Finding that “personal branding” is much too vague and shallow a term, Gosline focuses on the concept of social identity leadership with her students, a more complex idea going beyond the thought that “my personal brand is what people think of me.”

She breaks the notion of social identity leadership into four components: differentiation, added value, authenticity, and managing your associations. Personal branding is a tool of differentiating yourself from others, but it is also a way to indicate your potential as an asset to a company. On top of that, you must seem authentic while being thoughtful and deliberate about the way you leave an impression with others, because on a base level, trust is an imperative element in building a relationship with employers or consumers.

This translates to big business as well. There is a reason big businesses invest so much money in advertising and PR. Being viewed positively in the public’s opinion is essential. Gaining this trust is a combination of both objective and subjective efforts. People may understand that McDonald’s, for instance, might not have the best production values, but they still go there and enjoy their meals for a variety of reasons, be it childhood nostalgia, effective advertising, its prevalence, etc.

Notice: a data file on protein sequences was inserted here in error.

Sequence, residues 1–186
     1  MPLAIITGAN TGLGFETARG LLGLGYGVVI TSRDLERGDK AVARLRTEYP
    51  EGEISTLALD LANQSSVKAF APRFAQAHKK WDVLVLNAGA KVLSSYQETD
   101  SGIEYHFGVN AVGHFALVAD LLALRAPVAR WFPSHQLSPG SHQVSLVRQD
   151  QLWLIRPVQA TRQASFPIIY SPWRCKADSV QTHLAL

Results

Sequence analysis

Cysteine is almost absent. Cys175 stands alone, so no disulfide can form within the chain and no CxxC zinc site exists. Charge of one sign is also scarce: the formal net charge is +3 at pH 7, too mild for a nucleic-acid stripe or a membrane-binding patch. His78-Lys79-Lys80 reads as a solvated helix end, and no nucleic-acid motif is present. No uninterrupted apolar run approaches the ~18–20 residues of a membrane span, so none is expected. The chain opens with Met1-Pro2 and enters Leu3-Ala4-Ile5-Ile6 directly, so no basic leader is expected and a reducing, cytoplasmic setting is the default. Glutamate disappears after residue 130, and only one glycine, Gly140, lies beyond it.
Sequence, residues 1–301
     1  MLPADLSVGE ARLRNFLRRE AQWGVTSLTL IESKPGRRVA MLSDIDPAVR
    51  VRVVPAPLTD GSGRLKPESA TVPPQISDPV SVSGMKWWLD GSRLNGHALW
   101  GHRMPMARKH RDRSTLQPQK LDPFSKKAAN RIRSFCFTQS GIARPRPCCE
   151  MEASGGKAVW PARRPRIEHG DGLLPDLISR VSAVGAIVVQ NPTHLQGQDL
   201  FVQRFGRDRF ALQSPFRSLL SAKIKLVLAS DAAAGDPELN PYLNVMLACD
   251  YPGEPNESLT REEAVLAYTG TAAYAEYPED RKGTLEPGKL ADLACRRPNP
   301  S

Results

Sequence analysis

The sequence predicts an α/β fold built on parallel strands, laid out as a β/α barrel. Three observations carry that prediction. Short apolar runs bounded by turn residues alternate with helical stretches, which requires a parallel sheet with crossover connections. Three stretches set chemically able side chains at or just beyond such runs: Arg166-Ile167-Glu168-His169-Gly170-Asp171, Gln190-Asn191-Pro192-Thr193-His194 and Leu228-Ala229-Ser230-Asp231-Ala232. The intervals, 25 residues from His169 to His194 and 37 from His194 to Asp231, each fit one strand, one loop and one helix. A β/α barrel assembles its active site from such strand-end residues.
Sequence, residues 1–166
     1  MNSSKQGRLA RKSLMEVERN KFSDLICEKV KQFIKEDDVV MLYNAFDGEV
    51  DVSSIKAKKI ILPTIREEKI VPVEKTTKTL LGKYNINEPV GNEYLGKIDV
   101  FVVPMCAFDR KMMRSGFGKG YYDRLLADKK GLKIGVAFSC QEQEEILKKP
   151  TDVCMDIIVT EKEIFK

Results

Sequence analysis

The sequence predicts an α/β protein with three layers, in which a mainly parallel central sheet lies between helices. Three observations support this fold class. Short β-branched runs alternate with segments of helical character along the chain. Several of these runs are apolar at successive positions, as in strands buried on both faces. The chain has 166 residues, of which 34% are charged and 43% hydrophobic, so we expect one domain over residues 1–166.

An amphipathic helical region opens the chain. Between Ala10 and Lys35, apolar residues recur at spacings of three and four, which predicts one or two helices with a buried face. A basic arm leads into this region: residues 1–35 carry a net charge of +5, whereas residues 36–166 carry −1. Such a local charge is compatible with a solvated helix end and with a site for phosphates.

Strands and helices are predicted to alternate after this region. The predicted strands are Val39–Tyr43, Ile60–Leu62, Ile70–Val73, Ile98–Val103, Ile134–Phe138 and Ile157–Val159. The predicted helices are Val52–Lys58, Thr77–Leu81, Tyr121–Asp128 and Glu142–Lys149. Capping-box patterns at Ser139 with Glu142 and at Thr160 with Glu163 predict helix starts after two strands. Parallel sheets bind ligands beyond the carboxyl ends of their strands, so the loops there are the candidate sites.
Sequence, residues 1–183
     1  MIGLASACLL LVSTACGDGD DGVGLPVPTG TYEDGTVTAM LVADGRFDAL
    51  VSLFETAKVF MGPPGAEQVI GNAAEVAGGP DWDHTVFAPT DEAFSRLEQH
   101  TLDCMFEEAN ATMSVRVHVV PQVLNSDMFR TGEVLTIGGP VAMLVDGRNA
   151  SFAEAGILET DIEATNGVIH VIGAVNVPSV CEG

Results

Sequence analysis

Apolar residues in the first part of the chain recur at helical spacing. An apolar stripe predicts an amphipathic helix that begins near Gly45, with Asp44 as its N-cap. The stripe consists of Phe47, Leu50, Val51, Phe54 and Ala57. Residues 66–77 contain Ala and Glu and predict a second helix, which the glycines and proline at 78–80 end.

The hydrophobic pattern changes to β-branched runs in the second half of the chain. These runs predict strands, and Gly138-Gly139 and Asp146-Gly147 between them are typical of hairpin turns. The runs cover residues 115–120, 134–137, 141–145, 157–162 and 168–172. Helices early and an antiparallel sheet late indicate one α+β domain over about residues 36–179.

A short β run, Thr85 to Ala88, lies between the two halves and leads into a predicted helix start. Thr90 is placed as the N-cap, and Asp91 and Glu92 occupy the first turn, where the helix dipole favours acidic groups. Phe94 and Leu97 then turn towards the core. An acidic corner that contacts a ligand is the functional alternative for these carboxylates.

“Whether you’re referring to people or products, ultimately, quality is largely a matter of perception,” says Gosline. “We know this, my research looks at this and there’s other research that looks at this as well. Basically, the expectations that people have really effect their seemingly objective understanding of how well something happened, or how much quality is there. Their expectations are completely malleable, people have their ingoing expectations, but they also develop expectations based on how you present yourself.”

A blessing and a curse, personal branding will become an institutional strategy in the years to come. At least the more saavy job seeker or entrepreneur can utilize websites such as Brandyourself.com as well as other specific and conscious techniques to get ahead. Only time will tell how this trend in the market will develop.

recommendations